Change Management Risk Assessment calculator – It is important to update the change risk assessment calculator with more appropriate risk questions. Appropriate risk questions will more accurately identify changes that are a very high or high risk of failing. Additional scrutiny of high risk changes may reduce the risk of causing a service interrupting incident. The risk assessment calculator is not intended to replace “human” scrutiny but will help change coordinators focus greater attention on changes that pose the greatest risks.
High Risk Change Implementation Plans – Improve Change Management rigor of high-risk changes using data driven solutions when planning implementations. By ensuring your change implementation plans are following industry and department best practices, your successful change percentage should improve. Simply stated when changes are successful, major incident frequency is reduced.
- Identify and maintain a fragile configuration item & IT service list.
- Mature change implementation coordinator accountabilities and responsibilities
- Improve post change testing & validation rules.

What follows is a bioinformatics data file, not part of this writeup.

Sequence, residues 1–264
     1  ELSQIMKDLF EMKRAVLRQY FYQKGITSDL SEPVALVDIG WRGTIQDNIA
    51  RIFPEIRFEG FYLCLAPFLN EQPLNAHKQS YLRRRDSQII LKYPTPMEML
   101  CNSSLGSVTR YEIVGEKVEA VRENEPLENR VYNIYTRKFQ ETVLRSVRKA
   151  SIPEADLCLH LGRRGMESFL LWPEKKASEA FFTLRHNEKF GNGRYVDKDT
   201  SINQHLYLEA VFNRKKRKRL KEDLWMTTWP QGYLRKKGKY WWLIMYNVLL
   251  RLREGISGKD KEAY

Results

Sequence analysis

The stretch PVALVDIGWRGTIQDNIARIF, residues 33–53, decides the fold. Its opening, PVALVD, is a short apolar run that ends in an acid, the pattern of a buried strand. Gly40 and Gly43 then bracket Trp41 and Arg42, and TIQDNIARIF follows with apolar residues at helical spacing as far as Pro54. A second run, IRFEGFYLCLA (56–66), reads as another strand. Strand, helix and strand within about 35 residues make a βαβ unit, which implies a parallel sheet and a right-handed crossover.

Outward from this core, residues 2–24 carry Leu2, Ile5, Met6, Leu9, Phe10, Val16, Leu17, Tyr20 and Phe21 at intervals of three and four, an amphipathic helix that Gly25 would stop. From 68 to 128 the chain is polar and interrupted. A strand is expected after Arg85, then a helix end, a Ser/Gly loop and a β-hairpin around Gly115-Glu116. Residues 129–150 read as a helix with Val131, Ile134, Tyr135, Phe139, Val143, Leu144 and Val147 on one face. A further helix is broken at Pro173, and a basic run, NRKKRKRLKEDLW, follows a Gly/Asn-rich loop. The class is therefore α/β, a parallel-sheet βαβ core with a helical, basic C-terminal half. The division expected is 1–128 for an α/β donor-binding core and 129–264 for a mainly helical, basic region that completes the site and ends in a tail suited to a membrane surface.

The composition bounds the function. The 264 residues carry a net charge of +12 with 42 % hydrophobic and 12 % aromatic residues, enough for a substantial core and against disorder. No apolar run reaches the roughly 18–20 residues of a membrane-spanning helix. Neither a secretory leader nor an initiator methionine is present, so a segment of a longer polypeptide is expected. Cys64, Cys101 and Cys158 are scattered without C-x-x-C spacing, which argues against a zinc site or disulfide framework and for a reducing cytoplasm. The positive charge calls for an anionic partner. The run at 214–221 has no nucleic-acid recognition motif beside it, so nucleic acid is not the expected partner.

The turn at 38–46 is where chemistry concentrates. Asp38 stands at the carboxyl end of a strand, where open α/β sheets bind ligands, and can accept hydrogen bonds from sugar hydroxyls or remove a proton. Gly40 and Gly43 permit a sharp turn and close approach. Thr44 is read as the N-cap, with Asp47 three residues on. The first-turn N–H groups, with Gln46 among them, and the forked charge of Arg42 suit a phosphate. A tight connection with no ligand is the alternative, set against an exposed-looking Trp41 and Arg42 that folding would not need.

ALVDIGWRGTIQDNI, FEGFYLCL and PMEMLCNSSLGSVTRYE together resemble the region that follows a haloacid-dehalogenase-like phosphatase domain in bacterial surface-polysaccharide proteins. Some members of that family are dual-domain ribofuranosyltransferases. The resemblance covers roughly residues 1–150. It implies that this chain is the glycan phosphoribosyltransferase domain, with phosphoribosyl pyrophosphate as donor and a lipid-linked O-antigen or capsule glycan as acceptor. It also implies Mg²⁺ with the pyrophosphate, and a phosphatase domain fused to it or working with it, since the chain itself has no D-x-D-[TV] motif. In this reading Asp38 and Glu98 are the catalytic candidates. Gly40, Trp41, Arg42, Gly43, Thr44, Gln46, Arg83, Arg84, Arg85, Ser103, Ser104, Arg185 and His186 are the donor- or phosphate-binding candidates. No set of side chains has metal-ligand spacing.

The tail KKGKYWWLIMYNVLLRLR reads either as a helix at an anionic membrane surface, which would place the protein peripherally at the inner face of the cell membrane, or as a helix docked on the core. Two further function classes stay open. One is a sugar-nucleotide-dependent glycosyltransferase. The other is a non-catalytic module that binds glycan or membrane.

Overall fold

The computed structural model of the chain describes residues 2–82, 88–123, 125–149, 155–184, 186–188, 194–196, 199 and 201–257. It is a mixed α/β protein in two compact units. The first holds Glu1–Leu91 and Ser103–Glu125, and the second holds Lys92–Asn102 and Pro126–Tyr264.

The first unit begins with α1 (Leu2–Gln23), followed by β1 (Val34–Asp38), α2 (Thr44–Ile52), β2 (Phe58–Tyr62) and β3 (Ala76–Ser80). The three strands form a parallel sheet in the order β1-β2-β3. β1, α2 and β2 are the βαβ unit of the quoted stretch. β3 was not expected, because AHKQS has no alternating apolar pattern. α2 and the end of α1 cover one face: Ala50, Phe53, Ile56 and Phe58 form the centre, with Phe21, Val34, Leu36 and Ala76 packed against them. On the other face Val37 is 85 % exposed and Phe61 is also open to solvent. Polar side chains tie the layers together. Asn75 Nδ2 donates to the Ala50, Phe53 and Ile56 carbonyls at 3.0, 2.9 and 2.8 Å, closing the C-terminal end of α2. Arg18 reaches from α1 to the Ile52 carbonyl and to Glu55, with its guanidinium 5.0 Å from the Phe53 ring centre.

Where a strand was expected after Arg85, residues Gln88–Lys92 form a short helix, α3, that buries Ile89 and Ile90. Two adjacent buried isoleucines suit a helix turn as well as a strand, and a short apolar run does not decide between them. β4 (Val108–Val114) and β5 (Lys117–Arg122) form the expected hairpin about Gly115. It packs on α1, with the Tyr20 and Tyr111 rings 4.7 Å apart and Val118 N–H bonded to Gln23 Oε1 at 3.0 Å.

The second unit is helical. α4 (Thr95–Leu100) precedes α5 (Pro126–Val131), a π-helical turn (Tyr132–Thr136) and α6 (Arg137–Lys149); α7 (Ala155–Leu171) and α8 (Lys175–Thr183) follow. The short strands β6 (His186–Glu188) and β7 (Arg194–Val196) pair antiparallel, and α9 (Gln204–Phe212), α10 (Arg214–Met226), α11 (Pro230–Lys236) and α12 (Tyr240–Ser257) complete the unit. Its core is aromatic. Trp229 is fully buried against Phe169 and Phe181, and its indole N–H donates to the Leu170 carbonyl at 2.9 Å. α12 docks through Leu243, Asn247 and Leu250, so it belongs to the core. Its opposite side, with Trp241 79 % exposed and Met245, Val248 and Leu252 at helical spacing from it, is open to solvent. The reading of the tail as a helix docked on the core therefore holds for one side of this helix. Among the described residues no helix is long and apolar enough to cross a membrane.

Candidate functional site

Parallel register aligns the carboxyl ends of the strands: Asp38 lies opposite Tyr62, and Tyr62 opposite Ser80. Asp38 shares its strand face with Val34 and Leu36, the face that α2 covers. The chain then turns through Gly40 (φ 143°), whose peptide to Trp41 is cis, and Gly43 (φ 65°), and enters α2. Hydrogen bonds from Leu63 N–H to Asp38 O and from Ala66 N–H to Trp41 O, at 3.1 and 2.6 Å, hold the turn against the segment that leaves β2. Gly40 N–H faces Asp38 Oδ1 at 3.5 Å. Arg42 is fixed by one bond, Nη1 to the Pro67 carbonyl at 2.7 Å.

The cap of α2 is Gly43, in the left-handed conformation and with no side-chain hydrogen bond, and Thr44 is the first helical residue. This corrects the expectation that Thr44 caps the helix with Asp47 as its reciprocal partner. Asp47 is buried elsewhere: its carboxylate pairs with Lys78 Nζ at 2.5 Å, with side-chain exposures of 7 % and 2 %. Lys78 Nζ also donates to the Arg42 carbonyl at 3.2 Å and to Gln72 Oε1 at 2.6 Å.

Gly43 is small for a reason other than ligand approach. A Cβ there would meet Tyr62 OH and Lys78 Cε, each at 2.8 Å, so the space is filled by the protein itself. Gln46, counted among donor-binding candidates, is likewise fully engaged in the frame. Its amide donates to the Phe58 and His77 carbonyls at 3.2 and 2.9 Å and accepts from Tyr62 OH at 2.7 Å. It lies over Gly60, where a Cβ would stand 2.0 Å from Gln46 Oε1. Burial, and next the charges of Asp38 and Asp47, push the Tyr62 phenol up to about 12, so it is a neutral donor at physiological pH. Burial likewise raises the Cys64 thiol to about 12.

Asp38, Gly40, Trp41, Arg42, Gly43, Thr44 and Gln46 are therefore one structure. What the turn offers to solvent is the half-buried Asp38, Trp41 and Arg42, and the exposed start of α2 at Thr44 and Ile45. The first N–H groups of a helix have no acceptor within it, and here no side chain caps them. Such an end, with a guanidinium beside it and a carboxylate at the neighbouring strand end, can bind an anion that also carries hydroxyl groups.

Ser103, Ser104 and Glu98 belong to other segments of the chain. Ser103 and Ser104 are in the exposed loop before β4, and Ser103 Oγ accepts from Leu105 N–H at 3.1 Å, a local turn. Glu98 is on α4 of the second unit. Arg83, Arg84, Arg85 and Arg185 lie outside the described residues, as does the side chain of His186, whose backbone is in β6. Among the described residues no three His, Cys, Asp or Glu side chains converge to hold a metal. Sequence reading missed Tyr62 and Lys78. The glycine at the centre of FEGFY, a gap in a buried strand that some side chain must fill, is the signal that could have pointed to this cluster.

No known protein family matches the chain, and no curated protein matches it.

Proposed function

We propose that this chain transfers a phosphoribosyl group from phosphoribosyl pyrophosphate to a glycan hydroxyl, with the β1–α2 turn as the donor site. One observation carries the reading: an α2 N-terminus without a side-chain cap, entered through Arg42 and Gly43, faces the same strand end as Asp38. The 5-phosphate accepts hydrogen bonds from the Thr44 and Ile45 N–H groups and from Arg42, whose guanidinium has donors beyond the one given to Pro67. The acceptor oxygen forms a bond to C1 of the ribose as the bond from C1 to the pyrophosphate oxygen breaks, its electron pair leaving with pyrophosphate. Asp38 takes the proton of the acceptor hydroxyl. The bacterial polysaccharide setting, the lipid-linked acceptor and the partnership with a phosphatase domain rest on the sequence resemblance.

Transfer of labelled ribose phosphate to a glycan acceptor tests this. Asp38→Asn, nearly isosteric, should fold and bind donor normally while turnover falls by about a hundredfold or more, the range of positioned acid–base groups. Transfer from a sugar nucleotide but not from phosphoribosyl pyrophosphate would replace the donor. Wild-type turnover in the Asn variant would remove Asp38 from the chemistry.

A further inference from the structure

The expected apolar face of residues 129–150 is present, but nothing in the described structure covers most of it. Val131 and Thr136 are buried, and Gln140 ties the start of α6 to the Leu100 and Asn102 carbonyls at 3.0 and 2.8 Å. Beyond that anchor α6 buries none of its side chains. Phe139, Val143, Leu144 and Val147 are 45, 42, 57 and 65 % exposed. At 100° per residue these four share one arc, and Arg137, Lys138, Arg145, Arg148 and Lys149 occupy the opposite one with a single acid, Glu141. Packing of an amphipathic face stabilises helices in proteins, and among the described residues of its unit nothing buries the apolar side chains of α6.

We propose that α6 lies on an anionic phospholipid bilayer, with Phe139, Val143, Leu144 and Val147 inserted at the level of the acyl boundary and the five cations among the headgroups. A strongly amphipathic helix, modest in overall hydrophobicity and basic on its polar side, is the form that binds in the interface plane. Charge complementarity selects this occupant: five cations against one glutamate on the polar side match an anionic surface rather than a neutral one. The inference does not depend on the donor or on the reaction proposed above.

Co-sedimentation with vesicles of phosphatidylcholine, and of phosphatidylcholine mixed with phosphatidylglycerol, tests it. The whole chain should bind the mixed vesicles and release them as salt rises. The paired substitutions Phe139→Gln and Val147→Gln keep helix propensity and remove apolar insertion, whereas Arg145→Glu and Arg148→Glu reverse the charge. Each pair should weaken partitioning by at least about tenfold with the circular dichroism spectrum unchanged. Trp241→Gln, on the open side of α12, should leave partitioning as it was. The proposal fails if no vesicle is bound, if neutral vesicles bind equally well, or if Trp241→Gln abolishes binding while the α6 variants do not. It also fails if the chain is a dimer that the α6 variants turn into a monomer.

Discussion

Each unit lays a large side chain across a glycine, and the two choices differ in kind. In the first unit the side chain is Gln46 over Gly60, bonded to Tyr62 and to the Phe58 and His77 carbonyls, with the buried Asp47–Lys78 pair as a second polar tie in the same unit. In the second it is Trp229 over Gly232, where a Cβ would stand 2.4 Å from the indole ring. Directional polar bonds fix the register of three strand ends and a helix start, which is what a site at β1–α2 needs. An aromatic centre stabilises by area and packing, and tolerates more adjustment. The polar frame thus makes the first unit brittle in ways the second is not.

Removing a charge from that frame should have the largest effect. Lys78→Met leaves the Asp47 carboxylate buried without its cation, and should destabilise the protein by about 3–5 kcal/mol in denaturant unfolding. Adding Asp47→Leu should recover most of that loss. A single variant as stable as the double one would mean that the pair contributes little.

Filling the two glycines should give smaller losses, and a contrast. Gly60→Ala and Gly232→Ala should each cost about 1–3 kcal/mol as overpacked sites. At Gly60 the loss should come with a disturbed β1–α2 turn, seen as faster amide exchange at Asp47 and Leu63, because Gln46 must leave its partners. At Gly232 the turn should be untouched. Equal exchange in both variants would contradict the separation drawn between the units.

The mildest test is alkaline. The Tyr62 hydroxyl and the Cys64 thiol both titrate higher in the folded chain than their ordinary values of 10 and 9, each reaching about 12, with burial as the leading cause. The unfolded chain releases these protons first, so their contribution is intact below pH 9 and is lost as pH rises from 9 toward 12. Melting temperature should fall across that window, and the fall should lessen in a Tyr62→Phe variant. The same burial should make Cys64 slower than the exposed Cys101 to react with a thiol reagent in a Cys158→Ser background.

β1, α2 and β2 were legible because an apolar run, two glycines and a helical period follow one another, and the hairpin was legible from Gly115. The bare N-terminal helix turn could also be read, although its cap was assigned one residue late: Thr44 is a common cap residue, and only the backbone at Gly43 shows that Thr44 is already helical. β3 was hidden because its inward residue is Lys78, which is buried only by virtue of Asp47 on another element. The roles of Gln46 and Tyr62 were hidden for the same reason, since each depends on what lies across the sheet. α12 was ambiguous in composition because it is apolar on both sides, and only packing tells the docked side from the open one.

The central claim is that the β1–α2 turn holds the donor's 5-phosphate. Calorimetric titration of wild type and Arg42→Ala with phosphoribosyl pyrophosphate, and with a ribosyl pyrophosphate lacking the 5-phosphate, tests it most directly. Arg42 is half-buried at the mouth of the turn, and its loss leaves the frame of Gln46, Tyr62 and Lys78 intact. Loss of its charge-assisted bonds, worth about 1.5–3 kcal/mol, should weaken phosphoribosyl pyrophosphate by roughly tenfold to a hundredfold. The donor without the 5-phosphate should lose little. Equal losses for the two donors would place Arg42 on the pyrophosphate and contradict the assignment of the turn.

- Ensure post change event monitoring resumption is correctly timed.
Forward Schedule of Change Dashboard – If your change ticketing application supports it, build a dynamic High-Risk Change Dashboard. The dashboard will display real-time status of pending, in-progress, breached, and completed high risk changes for the current date. Everyone should be aware of the status of high-risk changes. If IT staff are award of a change in progress and an issue is reported to the Help Desk, there can be immediate correlation. If an issue is
Major Incident Lifecycle – Detection
Detection is when event monitoring, IT support teams, or a user detects an issue occurring to a configuration Item or IT service. Once an issue is detected, an incident is logged. A mature IT support organization will identify a high percentage of incidents by event monitoring and IT support teams verses reported by end users. Early detection of issues which occurred, will significantly reduce duration of a major incident.
Major Incident Lifecycle – Detection Recommendations